Graisberry, Daniel (c.1740–1785), printer, was the son of William Graisberry, printer, of Drumcondra, Dublin, and Elizabeth Graisberry. Admitted to the Guild of St Luke (24 August 1775) after completing his apprenticeship under the king's printer, Hugh Grierson (qv), Graisberry entered into a loose partnership with the bookseller James Williams from early 1778 until March 1781. Graisberry concentrated on printing, while Williams concentrated on the retail business from premises at 10 Back Lane, which Graisberry also occupied at a rental of £45 a year (c.1775). Graisberry was injured at a guild meeting when the floor of the Music Hall in Fishamble St. collapsed (6 February 1782); his death had been mistakenly announced in the Dublin press in November 1772. He married (1765) Mary Kennedy; they had at least a dozen children before his death on 26 December 1785, just hours after that of his mother. Mary succeeded her husband in business, and in 1790 entered into partnership with her son-in-law Richard Campbell, who had married Elizabeth Graisberry (d. 1795) in October 1789. Mary retired in 1797. She died in February 1822 at Back Lane.
Daniel Graisberry (1777/8?–1822), printer and stationer, probably the eldest son of Daniel and Mary, succeeded his mother and opened a shop at 22 Capel St., Dublin, in April 1799, entering the printers guild in 1797. He closed the Capel St. shop in 1806, to concentrate on the family partnership with Campbell run from the Back Lane premises. The firm of Graisberry & Campbell was appointed printer to the Dublin Society in 1802, whose voluminous county surveys they were already publishing, and printer to the RIA in 1803, having published the Academy's Transactions since 1801. This pattern continued with the firm's appointment as university printer in 1807 after Graisberry personally signed a £500 bond (6 June 1807) limiting his output from TCD's printing press to works commissioned by and for the university. This involved printing thirty-one works during the partnership, twenty-four of them being textbooks for students. The firm's official title of ‘university printer’ seems to have been widely colloquially represented as ‘college printer’. The only output of wider significance was the continuation of Walker's edition of Livy, the seventh volume being completed in 1813. From 1815, Campbell seems to have managed the Back Lane business while Graisberry ran the college printing house. Campbell's name disappears from imprints in 1820, signifying his departure from the partnership. Graisberry married (May 1797) Ruth McCormack ; they had five daughters before his death in February 1822 at Rathfarnham, Co. Dublin.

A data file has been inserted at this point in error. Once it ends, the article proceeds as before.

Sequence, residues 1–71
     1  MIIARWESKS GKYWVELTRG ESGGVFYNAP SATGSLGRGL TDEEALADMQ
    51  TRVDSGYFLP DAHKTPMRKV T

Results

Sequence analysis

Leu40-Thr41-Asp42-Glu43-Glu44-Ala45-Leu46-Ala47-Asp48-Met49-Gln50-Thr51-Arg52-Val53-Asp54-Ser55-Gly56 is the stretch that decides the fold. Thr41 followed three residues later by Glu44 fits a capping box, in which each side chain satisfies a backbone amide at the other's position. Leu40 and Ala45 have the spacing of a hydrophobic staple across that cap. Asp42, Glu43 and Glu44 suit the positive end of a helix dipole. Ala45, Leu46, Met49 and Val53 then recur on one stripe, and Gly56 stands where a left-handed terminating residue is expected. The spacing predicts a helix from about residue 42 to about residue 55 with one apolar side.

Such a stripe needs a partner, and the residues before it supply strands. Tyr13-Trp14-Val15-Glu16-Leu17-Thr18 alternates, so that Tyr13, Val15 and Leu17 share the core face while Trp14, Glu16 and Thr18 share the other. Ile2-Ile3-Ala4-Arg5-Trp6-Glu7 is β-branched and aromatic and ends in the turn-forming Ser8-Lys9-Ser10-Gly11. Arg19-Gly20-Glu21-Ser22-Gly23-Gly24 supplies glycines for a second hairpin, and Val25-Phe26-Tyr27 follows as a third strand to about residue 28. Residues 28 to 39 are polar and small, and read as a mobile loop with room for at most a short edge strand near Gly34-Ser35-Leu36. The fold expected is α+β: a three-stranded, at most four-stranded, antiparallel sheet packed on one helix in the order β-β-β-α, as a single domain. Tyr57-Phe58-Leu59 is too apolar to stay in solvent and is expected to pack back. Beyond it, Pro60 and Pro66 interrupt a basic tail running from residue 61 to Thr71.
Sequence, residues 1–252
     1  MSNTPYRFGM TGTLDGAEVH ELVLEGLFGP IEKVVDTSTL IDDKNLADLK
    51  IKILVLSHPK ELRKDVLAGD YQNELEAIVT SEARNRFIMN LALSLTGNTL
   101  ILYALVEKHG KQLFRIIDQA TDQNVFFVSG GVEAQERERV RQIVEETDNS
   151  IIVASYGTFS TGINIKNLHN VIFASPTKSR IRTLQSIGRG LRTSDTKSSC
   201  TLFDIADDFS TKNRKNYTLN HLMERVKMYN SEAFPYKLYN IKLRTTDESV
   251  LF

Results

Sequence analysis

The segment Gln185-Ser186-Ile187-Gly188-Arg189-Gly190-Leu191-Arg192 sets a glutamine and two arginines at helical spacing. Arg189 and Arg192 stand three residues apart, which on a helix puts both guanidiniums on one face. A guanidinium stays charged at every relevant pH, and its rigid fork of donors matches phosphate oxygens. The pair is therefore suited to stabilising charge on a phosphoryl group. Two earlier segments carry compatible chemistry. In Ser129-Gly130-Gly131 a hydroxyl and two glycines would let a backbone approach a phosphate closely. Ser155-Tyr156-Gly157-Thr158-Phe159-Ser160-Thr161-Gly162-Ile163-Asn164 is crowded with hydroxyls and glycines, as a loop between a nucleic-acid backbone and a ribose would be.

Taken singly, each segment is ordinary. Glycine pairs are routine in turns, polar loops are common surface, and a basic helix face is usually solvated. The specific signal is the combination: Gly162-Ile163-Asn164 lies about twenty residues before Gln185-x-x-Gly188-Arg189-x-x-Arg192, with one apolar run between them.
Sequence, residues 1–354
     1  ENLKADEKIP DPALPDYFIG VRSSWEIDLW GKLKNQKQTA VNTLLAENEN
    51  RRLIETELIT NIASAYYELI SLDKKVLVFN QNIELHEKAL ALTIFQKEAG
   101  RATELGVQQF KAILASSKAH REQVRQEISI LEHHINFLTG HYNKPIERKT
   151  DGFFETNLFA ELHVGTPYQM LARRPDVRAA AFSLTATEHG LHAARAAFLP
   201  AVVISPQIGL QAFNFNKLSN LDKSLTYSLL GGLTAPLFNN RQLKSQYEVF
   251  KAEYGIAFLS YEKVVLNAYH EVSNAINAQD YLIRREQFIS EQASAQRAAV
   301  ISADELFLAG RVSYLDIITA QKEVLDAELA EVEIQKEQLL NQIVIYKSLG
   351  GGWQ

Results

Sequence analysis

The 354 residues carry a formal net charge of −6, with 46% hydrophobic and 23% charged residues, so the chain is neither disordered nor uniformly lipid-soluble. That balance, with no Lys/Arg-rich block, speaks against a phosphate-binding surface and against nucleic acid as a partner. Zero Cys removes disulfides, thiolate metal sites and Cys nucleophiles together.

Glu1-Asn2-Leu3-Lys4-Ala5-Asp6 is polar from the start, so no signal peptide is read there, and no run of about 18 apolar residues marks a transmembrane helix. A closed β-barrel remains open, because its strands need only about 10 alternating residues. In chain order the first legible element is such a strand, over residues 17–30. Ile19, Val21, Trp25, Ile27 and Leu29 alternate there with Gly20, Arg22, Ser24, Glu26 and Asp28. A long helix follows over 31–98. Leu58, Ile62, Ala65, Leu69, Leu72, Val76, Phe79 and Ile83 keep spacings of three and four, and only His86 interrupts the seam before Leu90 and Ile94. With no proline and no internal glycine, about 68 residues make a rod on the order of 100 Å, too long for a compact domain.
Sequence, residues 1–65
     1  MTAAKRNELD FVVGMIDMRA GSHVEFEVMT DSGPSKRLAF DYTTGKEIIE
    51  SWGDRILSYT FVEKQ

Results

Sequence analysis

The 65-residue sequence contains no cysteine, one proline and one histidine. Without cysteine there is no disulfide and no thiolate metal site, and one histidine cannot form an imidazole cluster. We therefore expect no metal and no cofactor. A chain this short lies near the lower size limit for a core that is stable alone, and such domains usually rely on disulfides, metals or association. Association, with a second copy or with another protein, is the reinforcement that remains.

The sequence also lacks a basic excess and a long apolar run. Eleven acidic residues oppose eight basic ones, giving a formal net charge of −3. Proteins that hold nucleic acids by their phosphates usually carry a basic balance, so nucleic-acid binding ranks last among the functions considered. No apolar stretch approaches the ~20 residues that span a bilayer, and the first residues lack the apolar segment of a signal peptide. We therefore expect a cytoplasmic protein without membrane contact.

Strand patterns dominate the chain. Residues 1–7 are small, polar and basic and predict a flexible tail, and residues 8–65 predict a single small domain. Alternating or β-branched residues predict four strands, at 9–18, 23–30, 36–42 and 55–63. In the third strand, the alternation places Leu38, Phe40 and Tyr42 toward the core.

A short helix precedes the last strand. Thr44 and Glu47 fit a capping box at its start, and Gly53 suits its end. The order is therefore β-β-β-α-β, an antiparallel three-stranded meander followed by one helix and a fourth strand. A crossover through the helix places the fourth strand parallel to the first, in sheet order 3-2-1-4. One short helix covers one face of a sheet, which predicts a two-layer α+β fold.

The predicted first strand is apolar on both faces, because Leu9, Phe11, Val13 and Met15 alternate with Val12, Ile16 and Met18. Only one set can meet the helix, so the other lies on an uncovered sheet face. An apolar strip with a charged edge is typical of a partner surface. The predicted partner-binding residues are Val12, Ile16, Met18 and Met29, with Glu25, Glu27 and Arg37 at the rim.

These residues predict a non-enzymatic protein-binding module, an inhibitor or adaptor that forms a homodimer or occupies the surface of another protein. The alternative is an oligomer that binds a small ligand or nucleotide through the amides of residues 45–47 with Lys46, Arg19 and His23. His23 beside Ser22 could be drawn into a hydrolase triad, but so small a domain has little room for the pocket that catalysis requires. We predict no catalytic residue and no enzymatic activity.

Ruth Graisberry (d. 1842), printer, succeeded her husband as college printer in 1822 after successfully petitioning the college to retain her, with the backing of the leading figures in the capital's printing trade. The firm vacated their Back Lane premises before 1824 and Graisberry took Michael Gill (qv) into partnership with her in 1833. Apprenticed to the firm since he was 19, he had managed the college press since 1827 and became a full partner in 1833, eventually buying the business outright in 1837. Graisberry had suffered from a prolonged illness for some time and died sometime before 2 July 1842.
A small number of Graisberry & Campbell ledgers from the late eighteenth and early nineteenth centuries are held in TCD library. The 1797–1806 ledgers, concerning the Graisberry & Campbell partnership, detail how the printed output of the house closely reflected the prevailing political climate of the day, with titles corresponding closely to Bantry, 1798, the union, and the rising of Robert Emmet (qv) in 1803. Overall the ledgers illustrate the often complicated interrelationships between printers and practitioners from other branches of the trade, in particular illustrating the significant amount of jobbing printing that was undertaken alongside bookwork in most of the city's printing houses during this period.